Despite every HR professional being able to rattle off examples of how good HR can assist in reducing expenses, very few seem able to measure and report how their function adds tangible value to a business. Facts, figures and profit is the language of key decision makers and, without the ability to speak this language, HR is often perceived as an overhead department failing to contribute to the bottom line.
Adding to this perception is the command and control approach often taken by HR professionals. Writing for the Harvard Business Review https://hbr.org/2014/11/what-hr-needs-to-do-to-get-a-seat-at-the-table, Carol Anderson notes “…HR doesn’t have its act together. It doesn’t ask good business questions, and it tells business leaders what they must do, which leads to business leaders doing work because they have to, not because they see the value.”
As a HR professional, I know it can be tough to validate your value when you don’t directly bring in revenue. Takes no rocket scientist to recognise that directing people to do things in which they see no value-and which generally add to their primary workload-may also lead to a less than positive impression of HR as a value-add function.
I’m a strong believer that HR doesn’t need to demand a seat at the executive table. To me, the demand aspect reminds me of a petulant child not getting their own way. Demonstrating excellence in a support function, not one focused on control, will lead to an invitation. It might mean HR being seen to step outside their comfort zone: getting out from behind your desk, talking with their people who bring in the revenue- those facing customers on a daily basis and those who directly support the front line team-finding out what they really need and designing practical HR systems to help people achieve their objectives; not roadblock them. Too simplistic? I wonder.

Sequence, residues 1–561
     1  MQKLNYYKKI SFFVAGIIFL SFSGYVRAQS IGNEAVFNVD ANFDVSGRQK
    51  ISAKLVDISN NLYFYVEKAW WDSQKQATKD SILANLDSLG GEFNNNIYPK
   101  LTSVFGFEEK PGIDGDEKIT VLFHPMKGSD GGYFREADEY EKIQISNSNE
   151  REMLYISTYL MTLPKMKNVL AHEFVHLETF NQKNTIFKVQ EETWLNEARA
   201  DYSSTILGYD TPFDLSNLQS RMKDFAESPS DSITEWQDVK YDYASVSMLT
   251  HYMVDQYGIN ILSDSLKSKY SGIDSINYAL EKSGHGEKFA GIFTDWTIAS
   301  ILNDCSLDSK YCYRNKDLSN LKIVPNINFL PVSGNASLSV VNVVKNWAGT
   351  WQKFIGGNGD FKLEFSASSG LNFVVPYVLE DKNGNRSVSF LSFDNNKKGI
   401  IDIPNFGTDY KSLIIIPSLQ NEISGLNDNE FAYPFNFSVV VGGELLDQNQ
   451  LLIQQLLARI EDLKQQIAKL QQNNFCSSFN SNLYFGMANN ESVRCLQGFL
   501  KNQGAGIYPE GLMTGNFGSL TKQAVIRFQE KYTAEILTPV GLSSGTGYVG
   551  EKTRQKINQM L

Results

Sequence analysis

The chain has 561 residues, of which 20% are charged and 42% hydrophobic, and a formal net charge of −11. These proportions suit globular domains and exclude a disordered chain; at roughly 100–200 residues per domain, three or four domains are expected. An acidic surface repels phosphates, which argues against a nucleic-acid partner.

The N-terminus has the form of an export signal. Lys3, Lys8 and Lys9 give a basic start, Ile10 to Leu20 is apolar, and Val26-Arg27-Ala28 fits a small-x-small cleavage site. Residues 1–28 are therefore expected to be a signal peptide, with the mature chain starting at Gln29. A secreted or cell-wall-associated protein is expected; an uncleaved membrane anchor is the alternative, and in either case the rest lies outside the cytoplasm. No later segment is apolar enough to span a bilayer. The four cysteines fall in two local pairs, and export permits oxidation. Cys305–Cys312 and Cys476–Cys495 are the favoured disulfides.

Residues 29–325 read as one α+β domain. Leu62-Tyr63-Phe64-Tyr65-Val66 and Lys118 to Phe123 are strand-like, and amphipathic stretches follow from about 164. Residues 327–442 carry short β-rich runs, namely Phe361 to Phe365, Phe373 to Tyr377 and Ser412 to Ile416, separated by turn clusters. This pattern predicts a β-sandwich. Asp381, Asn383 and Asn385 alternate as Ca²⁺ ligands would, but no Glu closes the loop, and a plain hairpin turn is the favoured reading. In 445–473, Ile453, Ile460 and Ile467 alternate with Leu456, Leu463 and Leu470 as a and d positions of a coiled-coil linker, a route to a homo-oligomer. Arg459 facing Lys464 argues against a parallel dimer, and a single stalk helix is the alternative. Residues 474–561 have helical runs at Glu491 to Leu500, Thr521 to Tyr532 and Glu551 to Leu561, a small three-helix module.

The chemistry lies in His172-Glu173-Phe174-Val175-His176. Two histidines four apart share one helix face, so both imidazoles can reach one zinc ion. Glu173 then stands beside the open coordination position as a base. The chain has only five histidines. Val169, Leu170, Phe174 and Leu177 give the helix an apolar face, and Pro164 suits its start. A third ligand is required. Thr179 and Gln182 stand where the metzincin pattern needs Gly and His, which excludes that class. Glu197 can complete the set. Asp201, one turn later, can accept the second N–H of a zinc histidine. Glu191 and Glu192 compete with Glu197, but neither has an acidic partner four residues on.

Done well, HR offers many benefits to a business:
Good HR also involves taking time to educate stakeholders what HR can and cannot do…what tangibles can be measured and what other benefits (such as improved workplace culture) may be more of a “gut feeling” when comparing yesterday against today.
A seat at the executive table should not simply be a right. If you demand a seat at any table-real or metaphorical-you may receive an invitation once but, unless you add value in some way, your first invitation may be your last. Your hosts might also go as far as moving the table. Good luck finding your seat then.
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